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I am often told we don’t have enough women in the pipeline for tech jobs. Here’s my take on that: there are enough women in the pipeline—if you assume competence.

What do I mean by “assume competence”? Let me give you an example.

The Volleyball Example

In September of  2018, men held almost 60% of the head coaching positions for Division I women’s volleyball teams.

Women make up 100% of the athletes in women’s volleyball. Yet not even 50% of the coaches are women. There are only 22 men’s volleyball programs at the Division I level in the NCAA, yet they apparently produce enough coaches to supply almost 60% of the coaches for 334 women’s Division I programs.

Over 75% of the athletes who play volleyball in the U.S. are women, yet there is no pipeline problem of men to coach women’s volleyball. To my knowledge, after some brief searching, there are zero programs that prepare men to coach women’s volleyball. There is no leaky pipeline study, no Lean In book telling men what to do to coach in a female-dominated sport.

Why do we not have a pipeline problem for men coaching women’s sports? We assume competence.

We assume men who have never played women’s volleyball or (other women’s sports) can coach women’s volleyball. There are key differences in the skills and strategies of men’s and women’s volleyball. Nonetheless, we assume not only that men’s skills at playing men’s volleyball are useful and transferable, but also that they can go to the next level and coach—lead, instruct, motivate, develop winning strategies for—a women’s volleyball team, even though they have never played this exact sport.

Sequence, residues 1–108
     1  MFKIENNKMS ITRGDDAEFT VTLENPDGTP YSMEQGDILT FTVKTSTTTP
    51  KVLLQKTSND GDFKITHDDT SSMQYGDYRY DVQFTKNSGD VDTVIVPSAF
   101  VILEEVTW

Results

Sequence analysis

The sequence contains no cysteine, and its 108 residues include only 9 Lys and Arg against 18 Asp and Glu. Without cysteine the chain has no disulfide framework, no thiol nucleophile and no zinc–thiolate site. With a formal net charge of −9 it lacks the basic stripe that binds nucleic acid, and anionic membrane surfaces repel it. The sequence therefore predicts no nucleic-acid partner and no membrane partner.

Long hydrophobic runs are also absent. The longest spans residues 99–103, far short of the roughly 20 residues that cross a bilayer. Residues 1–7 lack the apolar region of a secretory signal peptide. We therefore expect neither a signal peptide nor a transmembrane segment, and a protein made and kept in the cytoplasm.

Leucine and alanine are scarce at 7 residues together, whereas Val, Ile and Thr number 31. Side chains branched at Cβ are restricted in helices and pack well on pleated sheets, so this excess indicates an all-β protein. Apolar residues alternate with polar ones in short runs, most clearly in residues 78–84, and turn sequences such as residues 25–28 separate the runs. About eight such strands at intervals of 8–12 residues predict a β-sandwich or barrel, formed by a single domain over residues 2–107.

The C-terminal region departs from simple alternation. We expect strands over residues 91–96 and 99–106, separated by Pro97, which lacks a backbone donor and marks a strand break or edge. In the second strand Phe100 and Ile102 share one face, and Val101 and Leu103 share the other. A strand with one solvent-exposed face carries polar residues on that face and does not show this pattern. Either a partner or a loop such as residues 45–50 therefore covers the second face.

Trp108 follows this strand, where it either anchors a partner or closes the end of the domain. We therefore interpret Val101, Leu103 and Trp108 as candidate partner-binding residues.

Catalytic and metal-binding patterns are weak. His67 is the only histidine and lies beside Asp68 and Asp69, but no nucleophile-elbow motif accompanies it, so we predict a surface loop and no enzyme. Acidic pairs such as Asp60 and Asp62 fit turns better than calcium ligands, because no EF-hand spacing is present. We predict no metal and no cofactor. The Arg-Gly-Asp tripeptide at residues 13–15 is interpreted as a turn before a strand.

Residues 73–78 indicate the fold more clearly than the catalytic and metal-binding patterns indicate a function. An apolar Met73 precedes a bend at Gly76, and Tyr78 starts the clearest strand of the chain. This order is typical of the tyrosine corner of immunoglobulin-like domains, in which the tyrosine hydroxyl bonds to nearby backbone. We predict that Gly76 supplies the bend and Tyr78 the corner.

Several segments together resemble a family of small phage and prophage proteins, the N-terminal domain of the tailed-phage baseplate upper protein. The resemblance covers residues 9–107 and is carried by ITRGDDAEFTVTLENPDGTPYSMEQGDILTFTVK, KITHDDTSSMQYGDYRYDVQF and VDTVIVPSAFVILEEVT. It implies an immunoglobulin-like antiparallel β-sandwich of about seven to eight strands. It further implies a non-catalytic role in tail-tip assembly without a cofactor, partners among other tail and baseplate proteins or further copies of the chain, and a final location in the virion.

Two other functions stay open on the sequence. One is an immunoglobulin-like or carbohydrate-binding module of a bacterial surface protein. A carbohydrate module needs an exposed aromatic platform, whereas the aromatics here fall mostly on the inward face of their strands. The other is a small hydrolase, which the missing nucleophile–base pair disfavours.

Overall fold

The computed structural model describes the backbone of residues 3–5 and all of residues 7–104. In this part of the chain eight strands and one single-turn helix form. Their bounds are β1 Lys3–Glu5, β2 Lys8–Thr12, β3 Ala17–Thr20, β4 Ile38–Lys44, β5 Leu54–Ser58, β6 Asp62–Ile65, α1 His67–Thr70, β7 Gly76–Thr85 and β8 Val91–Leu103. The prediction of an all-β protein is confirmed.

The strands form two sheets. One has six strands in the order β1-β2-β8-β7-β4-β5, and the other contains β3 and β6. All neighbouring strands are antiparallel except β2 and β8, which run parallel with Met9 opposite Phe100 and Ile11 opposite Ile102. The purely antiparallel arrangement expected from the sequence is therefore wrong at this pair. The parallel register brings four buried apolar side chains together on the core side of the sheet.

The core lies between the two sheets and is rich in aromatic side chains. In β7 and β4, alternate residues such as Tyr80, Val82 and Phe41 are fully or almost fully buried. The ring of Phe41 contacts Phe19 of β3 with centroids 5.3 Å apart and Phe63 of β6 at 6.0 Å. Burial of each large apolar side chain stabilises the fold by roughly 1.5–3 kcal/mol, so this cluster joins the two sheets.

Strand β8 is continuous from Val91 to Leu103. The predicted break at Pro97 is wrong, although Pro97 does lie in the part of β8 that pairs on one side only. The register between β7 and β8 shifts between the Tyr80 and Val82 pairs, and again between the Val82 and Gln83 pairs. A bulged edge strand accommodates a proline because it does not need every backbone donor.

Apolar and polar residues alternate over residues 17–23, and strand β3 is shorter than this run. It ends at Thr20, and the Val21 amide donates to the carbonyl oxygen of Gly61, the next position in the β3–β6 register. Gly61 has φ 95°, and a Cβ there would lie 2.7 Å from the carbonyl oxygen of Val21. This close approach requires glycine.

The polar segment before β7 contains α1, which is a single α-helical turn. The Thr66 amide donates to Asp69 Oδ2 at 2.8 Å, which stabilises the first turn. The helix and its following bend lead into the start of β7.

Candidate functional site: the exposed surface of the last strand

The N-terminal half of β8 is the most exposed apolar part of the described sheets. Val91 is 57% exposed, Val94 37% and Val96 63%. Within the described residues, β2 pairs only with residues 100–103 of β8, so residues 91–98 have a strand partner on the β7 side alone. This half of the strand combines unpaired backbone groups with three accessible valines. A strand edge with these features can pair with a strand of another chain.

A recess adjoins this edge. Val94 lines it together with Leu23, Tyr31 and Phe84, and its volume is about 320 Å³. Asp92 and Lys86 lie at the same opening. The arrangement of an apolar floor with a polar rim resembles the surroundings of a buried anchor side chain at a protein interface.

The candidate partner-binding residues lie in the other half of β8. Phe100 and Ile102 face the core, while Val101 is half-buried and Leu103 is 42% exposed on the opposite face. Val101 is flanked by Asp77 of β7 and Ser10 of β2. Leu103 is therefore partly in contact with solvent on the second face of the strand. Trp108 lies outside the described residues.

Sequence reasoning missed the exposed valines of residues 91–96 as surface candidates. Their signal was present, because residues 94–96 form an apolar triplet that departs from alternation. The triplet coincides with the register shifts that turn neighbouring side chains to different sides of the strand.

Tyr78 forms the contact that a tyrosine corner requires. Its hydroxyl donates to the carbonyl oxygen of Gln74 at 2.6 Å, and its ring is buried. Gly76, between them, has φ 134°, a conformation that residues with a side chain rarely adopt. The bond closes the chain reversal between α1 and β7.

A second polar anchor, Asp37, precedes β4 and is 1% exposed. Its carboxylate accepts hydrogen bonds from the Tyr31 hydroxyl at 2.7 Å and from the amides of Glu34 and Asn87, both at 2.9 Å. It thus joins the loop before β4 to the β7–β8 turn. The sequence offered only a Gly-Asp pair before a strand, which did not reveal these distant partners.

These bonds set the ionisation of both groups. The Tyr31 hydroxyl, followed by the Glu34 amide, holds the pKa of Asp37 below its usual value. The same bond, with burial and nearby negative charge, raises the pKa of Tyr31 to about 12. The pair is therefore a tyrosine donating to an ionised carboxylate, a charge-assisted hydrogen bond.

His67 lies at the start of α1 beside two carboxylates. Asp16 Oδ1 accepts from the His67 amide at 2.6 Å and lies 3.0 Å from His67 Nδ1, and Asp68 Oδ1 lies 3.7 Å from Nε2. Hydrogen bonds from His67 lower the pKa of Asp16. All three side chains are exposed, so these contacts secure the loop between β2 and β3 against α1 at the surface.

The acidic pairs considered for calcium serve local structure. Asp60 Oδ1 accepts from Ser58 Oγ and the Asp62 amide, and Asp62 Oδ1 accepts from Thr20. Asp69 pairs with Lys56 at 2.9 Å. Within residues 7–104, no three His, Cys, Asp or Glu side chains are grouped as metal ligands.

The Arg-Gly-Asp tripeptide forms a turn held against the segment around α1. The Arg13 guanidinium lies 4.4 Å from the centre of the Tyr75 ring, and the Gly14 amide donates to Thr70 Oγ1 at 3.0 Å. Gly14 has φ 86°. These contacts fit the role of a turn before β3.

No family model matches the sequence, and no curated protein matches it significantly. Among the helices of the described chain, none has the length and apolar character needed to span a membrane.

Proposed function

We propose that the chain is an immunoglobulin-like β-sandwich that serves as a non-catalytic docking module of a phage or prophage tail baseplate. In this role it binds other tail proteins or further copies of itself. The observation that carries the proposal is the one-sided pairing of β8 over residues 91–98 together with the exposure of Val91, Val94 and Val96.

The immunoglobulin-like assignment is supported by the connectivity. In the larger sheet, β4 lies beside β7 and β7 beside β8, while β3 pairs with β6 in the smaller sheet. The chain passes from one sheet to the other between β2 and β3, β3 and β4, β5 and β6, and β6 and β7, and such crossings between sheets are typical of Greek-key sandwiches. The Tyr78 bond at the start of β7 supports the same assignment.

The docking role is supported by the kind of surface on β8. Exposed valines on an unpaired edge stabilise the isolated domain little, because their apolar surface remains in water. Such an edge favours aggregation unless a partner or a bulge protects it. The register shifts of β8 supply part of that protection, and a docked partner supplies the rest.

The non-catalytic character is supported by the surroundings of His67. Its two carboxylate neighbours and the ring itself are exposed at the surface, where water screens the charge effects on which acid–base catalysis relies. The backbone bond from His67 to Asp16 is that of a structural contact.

To put it bluntly, we assume whatever experience a man had before makes him competent to coach women. There is a gendered expectation that the man is fundamentally competent.

To reverse the situation, almost no women coach men’s sports. Women’s experience playing and coaching women’s sports is not seen as transferable to men’s sports.

Why not? I would argue that it is because we do not assume women’s competence in the same way that we assume men’s competence.

Back to Tech…

Imagine if we could replicate the pipeline of men coaching women’s volleyball and apply it to women in the tech industry. The NCAA was somehow able to take a pipeline of approximately only 20% men—none of whom had direct experience playing women’s volleyball—and fill 60% of the leadership positions, i.e., the most prestigious women’s coaching jobs.

How did they do this? What was their secret? They assumed competence.  

If we assume competence, we can do this diversity thing in tech. There are women, people of color, persons with disabilities, and many other underrepresented groups with either directly applicable experience or transferable skills who can lead, build, and grow your tech company—if you assume competence.


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Jason Thompson Jason Thompson
Jason is VP of Diversity & Inclusion at Techstars. Jason has had a long career in Diversity and Inclusion, most recently with the US Olympic Committee, and has developed award winning D&I programs for sports organizations, healthcare and higher education.